I think that life is captured by memories. As long as we live, we will have little snapshots from our life to look back on, replaying them in the solitude of our own minds. It’s something that, for me, signifies how human I am.
As it’s winter now, and coming up to Christmas, I want to share a particular memory with you, that I experienced when I was 7. It may have been long ago, but it’s something I could never forget, simply for how beautiful it was.
I travelled to Finland with my family, to celebrate the wedding of a friend of my father’s. It was the height of winter, but Finnish winter is not like English winter. With English winter, the cold is just below freezing, and snow melts a day after it touches the ground, frost on grass and cars the only visible signs of it besides the lack of leaves on trees.
Finnish winter was different. Though the specifics of what we did on each day are blurred now, I could never forget the evening of what I believe was the second day.
In the daytime, the sun glinted off the snow, so shining that I could see it. It stretched out into a blanket, white, seeming unbroken to my young eyes, as I could not notice the little hillocks and breaks in the snow beneath my feet. It was always bitterly cold, my hands wrapped up in layers of gloves, the air welcoming any exposed skin with a chill that seemed to be never-ending.
That night, the sun had dipped just below the horizon. Though not pitch-black, it was a grey sort of light, peeping occasionally around the evening: it was like twilight. I could just about see the snow, though it didn’t appear white: it seemed muted almost.
We were near the house, and I remember the laughter, little bells of it echoing off the ground, my giggles joined with distant laughs from the other children as I investigated the snow. It crunched beneath my boots, making that glorious sound only snow can: your foot sinks into it, over and over, as you steadily explore your little patch of ground. My dad stood near me, watching, walking with me as I revelled in the sheer amount of it all.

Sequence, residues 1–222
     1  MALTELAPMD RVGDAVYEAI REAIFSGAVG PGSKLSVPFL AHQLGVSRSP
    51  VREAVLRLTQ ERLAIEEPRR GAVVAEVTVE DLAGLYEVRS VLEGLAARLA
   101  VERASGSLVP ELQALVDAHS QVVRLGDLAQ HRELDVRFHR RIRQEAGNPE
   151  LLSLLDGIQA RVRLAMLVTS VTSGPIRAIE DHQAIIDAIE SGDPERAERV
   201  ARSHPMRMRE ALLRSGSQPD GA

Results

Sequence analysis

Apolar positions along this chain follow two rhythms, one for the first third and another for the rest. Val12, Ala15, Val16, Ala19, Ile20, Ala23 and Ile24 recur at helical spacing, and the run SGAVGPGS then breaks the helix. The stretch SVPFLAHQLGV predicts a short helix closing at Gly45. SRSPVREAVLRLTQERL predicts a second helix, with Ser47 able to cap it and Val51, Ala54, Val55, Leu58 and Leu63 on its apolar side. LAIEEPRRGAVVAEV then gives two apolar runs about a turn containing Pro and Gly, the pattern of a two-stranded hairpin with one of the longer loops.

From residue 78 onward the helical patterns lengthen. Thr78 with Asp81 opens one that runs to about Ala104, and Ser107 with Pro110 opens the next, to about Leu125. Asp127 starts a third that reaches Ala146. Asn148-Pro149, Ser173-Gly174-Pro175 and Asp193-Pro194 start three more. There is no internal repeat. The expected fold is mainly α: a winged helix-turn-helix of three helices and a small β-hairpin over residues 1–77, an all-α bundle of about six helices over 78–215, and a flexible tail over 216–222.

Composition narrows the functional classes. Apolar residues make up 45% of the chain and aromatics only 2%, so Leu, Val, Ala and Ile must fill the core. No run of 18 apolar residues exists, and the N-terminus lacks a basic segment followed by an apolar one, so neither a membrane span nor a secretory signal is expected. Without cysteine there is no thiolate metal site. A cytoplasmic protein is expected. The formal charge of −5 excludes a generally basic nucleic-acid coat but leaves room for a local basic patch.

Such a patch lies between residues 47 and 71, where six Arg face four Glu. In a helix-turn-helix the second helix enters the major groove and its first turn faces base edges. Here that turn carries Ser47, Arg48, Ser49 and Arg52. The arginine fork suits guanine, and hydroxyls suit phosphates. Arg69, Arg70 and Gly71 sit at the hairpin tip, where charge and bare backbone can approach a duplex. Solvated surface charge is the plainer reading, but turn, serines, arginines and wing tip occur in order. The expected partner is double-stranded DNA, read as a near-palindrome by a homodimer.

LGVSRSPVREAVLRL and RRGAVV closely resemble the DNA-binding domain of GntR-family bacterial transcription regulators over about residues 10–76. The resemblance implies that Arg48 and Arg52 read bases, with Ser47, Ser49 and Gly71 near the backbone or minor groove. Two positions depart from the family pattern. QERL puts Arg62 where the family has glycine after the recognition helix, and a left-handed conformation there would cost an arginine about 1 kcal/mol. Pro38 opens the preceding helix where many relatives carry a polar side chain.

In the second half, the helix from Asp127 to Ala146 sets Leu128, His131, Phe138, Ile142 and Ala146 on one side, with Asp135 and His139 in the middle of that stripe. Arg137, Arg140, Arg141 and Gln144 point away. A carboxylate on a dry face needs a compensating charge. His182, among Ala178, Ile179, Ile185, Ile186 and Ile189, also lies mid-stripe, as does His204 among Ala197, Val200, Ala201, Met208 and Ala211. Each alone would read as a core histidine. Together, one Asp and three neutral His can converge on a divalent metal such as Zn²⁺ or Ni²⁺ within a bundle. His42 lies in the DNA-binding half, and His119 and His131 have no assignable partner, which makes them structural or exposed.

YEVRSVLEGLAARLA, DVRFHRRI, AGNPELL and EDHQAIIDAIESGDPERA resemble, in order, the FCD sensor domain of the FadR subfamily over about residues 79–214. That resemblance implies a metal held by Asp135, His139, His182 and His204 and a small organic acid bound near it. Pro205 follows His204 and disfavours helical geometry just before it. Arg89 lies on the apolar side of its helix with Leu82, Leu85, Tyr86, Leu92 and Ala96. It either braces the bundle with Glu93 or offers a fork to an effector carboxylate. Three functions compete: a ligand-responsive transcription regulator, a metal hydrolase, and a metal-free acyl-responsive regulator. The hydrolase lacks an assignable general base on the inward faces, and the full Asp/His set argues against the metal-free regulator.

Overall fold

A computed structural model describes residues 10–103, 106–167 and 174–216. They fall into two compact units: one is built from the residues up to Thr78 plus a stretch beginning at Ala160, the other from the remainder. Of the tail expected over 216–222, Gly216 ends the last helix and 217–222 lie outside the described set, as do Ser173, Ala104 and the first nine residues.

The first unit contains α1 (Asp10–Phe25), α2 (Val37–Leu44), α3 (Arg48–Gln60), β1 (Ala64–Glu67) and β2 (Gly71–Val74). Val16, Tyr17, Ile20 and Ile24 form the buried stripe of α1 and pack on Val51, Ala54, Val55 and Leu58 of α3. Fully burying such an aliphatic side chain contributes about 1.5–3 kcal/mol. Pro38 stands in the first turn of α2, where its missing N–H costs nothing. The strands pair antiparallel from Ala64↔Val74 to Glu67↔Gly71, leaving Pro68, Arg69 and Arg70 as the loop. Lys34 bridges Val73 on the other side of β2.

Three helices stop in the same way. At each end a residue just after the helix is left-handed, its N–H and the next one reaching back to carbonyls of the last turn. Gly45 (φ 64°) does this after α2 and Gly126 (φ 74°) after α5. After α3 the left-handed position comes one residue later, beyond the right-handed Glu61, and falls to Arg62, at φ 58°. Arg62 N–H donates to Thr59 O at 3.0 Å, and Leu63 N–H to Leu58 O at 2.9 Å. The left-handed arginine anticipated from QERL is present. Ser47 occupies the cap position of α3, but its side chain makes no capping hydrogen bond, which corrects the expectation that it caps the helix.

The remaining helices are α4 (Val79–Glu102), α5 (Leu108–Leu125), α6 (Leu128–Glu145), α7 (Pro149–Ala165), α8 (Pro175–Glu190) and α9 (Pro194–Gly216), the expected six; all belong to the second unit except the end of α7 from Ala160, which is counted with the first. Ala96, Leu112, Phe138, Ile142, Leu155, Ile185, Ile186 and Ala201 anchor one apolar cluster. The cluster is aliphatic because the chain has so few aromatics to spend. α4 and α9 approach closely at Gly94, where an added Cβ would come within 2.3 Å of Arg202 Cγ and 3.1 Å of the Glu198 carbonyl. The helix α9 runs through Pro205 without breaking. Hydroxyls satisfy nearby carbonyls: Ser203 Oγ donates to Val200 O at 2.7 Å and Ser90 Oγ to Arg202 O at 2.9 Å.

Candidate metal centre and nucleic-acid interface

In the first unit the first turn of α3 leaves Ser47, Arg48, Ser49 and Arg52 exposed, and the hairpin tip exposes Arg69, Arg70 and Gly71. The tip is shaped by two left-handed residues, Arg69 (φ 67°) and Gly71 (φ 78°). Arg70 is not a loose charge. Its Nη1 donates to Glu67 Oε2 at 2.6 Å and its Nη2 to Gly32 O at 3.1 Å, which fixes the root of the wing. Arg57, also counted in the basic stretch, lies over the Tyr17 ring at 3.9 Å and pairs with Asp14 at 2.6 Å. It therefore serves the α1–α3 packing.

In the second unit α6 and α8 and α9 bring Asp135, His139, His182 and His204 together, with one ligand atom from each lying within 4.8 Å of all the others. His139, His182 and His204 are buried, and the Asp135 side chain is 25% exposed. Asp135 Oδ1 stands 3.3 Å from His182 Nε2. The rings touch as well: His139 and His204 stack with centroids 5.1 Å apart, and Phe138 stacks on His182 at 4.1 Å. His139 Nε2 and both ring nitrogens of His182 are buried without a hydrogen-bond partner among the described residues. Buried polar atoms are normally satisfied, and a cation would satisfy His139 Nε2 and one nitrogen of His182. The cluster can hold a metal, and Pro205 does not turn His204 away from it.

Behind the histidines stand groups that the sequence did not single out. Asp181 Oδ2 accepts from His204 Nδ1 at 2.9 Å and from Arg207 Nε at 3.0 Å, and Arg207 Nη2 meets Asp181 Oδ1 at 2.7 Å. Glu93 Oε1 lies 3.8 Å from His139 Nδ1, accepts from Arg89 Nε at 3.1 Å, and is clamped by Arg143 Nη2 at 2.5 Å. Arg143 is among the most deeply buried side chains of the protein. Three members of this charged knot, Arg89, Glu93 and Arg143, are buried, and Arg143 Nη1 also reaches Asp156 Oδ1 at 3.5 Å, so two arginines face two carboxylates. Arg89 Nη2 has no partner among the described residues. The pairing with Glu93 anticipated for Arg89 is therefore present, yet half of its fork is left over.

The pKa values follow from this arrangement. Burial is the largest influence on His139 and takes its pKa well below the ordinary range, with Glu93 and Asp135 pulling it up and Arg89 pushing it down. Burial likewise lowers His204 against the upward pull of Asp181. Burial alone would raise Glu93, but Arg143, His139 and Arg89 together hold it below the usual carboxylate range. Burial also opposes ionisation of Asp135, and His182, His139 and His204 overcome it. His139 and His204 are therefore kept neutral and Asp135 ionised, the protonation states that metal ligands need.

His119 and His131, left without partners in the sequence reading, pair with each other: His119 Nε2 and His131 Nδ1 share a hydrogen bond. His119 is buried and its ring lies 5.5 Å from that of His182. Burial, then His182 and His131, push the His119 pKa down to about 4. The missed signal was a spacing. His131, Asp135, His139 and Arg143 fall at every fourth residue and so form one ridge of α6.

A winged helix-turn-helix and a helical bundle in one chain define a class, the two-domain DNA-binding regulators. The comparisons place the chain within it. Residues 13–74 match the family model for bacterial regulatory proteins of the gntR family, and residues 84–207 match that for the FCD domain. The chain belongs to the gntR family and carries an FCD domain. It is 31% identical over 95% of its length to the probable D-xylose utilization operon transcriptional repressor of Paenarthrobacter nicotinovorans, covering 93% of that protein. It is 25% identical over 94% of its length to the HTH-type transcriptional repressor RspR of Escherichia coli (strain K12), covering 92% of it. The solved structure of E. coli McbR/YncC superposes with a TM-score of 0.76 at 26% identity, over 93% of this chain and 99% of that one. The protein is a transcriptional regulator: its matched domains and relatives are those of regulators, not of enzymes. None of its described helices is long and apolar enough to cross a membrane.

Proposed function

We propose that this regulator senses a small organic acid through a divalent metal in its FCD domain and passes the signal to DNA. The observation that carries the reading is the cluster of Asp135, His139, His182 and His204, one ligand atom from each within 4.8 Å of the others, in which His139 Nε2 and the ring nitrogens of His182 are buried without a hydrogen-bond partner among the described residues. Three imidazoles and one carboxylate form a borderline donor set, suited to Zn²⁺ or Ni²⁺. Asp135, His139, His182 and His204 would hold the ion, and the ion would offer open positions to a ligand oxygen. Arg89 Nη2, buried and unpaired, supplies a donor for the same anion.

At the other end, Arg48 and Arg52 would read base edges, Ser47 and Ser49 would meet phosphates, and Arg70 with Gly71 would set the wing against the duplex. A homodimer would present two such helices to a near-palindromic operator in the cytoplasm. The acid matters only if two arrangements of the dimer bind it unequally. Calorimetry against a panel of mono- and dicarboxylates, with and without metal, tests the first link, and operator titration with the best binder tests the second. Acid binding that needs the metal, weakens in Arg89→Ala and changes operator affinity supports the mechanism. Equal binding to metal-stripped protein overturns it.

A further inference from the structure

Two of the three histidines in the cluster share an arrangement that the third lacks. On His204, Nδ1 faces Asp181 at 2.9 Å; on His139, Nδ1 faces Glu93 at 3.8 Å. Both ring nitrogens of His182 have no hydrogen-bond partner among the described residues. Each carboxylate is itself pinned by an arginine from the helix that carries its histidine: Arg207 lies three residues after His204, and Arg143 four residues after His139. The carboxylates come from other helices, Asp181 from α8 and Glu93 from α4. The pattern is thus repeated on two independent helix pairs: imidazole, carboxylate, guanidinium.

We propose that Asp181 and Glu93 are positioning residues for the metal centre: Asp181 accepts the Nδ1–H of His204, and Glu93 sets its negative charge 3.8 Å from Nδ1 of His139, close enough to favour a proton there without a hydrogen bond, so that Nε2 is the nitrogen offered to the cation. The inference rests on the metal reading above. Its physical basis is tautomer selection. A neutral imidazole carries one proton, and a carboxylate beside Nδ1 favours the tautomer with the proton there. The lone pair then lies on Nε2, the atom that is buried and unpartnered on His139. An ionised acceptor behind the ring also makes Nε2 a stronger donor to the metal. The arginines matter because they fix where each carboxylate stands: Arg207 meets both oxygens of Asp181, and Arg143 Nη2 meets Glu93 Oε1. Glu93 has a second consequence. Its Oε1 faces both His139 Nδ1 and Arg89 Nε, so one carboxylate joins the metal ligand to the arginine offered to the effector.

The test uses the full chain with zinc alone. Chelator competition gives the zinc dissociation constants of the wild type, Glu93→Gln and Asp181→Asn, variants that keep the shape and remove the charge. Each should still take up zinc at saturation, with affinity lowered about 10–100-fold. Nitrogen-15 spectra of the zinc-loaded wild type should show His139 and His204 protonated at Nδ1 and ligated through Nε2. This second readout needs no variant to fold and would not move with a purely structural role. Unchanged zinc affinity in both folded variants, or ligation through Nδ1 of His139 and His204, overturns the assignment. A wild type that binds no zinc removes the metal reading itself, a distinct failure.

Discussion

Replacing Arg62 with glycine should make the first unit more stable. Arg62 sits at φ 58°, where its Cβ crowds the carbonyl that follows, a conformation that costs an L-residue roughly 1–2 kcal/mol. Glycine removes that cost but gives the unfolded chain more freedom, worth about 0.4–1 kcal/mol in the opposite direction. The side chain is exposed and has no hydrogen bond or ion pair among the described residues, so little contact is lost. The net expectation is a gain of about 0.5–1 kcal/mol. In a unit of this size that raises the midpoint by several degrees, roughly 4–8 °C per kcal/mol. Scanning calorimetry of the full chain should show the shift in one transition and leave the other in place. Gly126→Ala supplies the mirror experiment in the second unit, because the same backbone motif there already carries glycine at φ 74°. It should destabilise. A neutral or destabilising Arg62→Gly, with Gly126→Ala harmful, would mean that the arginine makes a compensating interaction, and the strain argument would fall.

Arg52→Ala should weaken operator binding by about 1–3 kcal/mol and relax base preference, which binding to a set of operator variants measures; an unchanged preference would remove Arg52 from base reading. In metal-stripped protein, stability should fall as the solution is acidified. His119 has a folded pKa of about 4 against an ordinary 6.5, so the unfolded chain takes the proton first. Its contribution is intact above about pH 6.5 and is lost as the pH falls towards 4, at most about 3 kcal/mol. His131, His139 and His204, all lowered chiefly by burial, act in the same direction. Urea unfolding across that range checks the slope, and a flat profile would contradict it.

We were on top of a hill, and the snow piled onto it, rising in soft mounds and trampled by many feet. Meandering down the side of the hill was a little slope of ice: I have always been able to recall the feel of it. As I took my glove off, the cold almost burned as I was used to the security of the fabric. I reached my hand down, feeling the powder of snow, until it reached in the break in the solid white. There, stretching only a foot or so, was ice as smooth as glass, and you could run your hand over it. It was in contrast to the snow, and I was delighted by it, and those that were brave enough – not me – used a sled to slide down, a scraping sound accompanying them.
Even after I came back, after those memories were replaced with English snow and the feel of a small patch of ice under my shoe, I couldn’t forget what I used to call ‘real’ snow. Perhaps I have glorified it in my mind, had the memory distorted, but I think that is the beauty of memory.
It was something that always symbolised living, vitality, and the true beauty of what nature could bring. There are waterfalls that spray golden droplets, rocks that are as decorative as a painting, but I feel happy whenever I think of the simplicity of that winter. Maybe it’s pretentious, but everyone has their own perceptions of life.
It was part of my life, and part of so many others’ lives too. Whether it’s snow or sun or the sea that makes you smile, it’s the life that you remember that’s important.
Thanks so much for reading! Remember to head on over to my blog if you enjoyed what you read. Thank you so much to Iridescence for allowing me to post – she’s a wonderful person and blogger, and I’ve adored her blog for so long now.
From Elm 🙂